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John Huston's 1962 movie about Sigmund Freud (Montgomery Clift)delves into Freud's early years as he first discovers the mysteries of the subconscious mind and the ways in which these problems can be cured even when the medical world around him thinks his methods are black magic.

Beginning in 1885, the movie takes us through the next five years, charting Freud's understanding of the human mind. In a time where the old fashion view of mental illness, whether claiming hysteria only exists in women or that it comes from the devil was just frustrating the young doctor and his voyage into the new methods that were being generated in certain medical circles gave Freud a wider understanding of the possibilities. Hypnosis was just beginning to be allowed in certain medical circles. Up until then it was deemed as dark magic or witch craft and here we get to see some of Freud's case studies as well as a more in depth study of a young woman and her psychological symptoms.

For a movie made in the early sixties, this is actually quite an interesting and in depth approach to what is deemed common knowledge in today's society. Theories of misdirected emotional responses, or disorders that were treatable in the mind feel well explored here even with this fifty year old movie has a few dated ideas.  Montgomery Clift's performance as Freud is full of wide eyed intrigue and there's a real eeriness to the madness he's confronting in his patients. This semi biopic isn't all that original in it's approach but the subject matter and the setting is one that's fascinating really.



Fifty years is fifty years and this isn't exactly a restored classic. That said, despite the dirt and artifacts the image is pretty good.
Black levels are nice and deep and the heavy shadowing in the film works very well. Grain isn't too overbearing, or sometimes even all that noticeable but there's no escaping the age of this movie even when it looks at its best.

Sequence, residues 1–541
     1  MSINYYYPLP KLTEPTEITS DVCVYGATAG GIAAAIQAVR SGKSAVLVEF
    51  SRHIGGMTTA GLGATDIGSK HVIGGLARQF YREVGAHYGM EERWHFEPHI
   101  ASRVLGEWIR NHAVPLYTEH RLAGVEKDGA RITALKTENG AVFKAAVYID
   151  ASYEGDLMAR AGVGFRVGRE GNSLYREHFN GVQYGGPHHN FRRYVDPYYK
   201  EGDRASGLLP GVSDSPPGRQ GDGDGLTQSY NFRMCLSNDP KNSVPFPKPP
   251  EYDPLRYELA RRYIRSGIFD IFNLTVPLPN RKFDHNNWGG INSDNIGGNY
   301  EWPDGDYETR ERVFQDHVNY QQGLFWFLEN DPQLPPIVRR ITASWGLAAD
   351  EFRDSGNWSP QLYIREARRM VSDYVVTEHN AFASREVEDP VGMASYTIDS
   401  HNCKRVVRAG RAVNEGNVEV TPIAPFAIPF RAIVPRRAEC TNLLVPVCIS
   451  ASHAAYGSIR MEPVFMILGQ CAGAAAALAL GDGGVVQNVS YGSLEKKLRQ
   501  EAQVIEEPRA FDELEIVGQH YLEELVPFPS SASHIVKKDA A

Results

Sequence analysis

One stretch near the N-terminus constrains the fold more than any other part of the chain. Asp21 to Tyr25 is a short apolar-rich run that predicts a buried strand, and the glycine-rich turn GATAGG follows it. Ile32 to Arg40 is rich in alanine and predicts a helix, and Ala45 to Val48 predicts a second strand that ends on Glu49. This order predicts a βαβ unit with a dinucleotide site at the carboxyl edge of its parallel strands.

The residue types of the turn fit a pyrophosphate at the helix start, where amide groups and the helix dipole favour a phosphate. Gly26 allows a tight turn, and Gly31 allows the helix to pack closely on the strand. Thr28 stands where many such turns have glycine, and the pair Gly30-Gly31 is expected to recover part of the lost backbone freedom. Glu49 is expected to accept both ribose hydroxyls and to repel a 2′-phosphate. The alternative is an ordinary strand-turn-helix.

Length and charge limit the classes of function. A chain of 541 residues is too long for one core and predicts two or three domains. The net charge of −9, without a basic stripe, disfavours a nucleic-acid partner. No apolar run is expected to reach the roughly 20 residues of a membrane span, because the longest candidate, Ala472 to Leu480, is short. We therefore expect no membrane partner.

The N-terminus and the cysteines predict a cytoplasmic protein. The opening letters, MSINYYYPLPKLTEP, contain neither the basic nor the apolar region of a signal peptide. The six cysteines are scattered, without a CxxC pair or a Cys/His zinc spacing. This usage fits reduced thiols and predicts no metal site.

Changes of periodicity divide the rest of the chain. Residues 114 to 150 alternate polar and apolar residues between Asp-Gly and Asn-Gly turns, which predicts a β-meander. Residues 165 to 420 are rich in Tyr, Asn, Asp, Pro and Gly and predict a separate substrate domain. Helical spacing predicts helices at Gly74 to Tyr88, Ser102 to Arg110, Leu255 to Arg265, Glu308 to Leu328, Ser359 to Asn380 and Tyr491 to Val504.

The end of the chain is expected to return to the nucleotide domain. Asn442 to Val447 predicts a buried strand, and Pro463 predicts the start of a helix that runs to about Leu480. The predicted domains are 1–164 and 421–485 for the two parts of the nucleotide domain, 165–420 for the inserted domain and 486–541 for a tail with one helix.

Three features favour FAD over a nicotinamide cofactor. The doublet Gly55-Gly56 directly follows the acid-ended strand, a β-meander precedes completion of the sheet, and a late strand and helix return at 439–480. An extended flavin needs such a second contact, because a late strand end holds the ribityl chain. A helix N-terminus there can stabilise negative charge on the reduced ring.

Well with a very small sounding track, there's no surprise at the results. There are no layers to this track at all really. Busier scenes, like at the train station when Freud leaves on his travels just sounds like a mess of sound and larger scenes are rather overbearing.

The handful of louder scenes, involving screaming or hysteria can sound incredibly shrill and the score can flutuate from being a atmospheric accompaniment to an overbearing attack but it always remains the key to selling the madness in the situations. The only really consistent element is the dialogue and while it's often muffled in scenes, the voice recordings aren't at all bad considering the age of the film.



This is a bare bones release.



The subject of Sigmund Freud's work will always be interesting and really that's the star of this film. This isn't so much about the man as it is about what he wanted to prove to the medical world and how his approach to mental illness changed the world. The disc looks about as good as expected from a little known old black and white and the same goes for the audio. Those interested in the subject matter should get a kick out of this one but there's little to pull you in otherwise.